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Parody without the porn - and without the parody

By Geoffrey Gerber

Hopefully some of you will be going to museums, book stores, and movie theaters this weekend. If you are in Olympia, Washington, you may want to check out the Olympia Comics Festival. I like this year’s poster. It reminded me of the famous scene from Stanley Kubrick’s Dr. Strangelove (winner of the 1965 Hugo Award for Best Dramatic Presentation). You know, the one where Slim Pickens rides the nuclear bomb to earth. It also reminded me of the subtitle for the movie, Dr. Strangelove or: How I Learned to Stop Worrying and Love the Bomb. In fact, it is just like it.

 

There was a similar image in today’s St. Louis Post-Dispatch, which collected a political cartoon by Cam Cardow from the Ottawa Citizen.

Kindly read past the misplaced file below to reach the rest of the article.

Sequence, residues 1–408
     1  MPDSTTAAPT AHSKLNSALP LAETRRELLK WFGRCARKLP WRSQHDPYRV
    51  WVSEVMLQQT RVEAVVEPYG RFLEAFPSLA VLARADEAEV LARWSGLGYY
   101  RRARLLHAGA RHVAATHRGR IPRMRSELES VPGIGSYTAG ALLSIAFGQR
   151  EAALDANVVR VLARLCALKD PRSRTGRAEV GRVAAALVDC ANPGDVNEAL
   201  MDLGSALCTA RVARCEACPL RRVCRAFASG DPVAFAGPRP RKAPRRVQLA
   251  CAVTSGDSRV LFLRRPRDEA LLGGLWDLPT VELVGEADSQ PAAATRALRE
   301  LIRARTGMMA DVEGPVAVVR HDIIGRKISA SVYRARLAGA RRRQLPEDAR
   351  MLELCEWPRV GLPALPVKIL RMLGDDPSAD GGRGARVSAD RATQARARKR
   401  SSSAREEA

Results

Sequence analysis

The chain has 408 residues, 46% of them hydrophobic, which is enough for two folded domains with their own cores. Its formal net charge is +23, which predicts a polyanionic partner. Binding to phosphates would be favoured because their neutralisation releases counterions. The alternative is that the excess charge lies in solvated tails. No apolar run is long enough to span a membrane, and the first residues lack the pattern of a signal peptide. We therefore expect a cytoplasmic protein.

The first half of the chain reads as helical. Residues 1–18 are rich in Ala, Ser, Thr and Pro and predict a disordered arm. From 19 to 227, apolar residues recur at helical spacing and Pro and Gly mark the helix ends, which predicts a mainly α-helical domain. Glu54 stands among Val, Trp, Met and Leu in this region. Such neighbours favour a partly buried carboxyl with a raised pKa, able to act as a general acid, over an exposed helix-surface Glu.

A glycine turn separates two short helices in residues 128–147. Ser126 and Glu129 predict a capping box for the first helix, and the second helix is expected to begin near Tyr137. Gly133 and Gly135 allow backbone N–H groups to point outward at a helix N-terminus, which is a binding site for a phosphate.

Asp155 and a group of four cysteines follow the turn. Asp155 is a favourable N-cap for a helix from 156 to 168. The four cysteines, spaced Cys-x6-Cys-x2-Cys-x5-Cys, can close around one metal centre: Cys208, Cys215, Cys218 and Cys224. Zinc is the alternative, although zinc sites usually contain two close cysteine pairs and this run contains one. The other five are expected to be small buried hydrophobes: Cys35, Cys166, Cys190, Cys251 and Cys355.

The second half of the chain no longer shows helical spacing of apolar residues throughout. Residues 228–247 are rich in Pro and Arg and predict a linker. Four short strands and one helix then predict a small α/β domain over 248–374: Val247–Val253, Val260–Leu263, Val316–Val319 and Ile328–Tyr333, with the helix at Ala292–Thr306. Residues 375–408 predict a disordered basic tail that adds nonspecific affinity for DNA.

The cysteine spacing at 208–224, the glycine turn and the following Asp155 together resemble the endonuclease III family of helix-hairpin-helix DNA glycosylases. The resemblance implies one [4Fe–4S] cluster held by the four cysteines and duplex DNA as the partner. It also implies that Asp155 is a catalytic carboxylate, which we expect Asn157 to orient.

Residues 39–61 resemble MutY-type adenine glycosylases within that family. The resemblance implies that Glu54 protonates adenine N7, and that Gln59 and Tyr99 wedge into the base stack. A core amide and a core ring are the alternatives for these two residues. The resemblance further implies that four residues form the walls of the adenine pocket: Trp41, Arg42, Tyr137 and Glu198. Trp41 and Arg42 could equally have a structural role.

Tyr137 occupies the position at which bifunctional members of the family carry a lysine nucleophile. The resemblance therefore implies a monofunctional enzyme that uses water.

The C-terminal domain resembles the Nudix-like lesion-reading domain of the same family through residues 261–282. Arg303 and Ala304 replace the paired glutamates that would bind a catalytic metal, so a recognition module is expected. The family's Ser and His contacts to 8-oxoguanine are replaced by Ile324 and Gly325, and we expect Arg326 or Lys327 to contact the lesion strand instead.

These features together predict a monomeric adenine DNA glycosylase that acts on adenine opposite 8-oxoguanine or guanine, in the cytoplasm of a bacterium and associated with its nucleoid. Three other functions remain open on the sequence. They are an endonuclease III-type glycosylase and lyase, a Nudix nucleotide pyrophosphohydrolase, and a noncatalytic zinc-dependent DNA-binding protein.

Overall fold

Mike’s explanation of copyright parody raises a question about whether these two cartoons infringe the copyrights in Dr. Strangelove or in the character Major T.J. “King” Kong. Neither is a parody.

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Porn Names, Part II

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Geoff's musings over porn star names aroused, er, got me thinking about a related  "fair use" issue, namely, the porn industry's unauthorized use of slightly altered titles of famous motion pictures.  Such as On Golden Blonde.  Breakfast on Tiffany. Inspect Her Gadget.  And any on the Top Ten list compiled by BBspot, which begins, at #10, with Forrest Hump.

Each use is an obvious commercial attempt to cash in on the widespread awareness and recognition of the original title.  Each use is also an obvious commercial attempt to capture the prospective buyer's attention, to stand out in a crowd of titles.

But are these uses "fair uses"?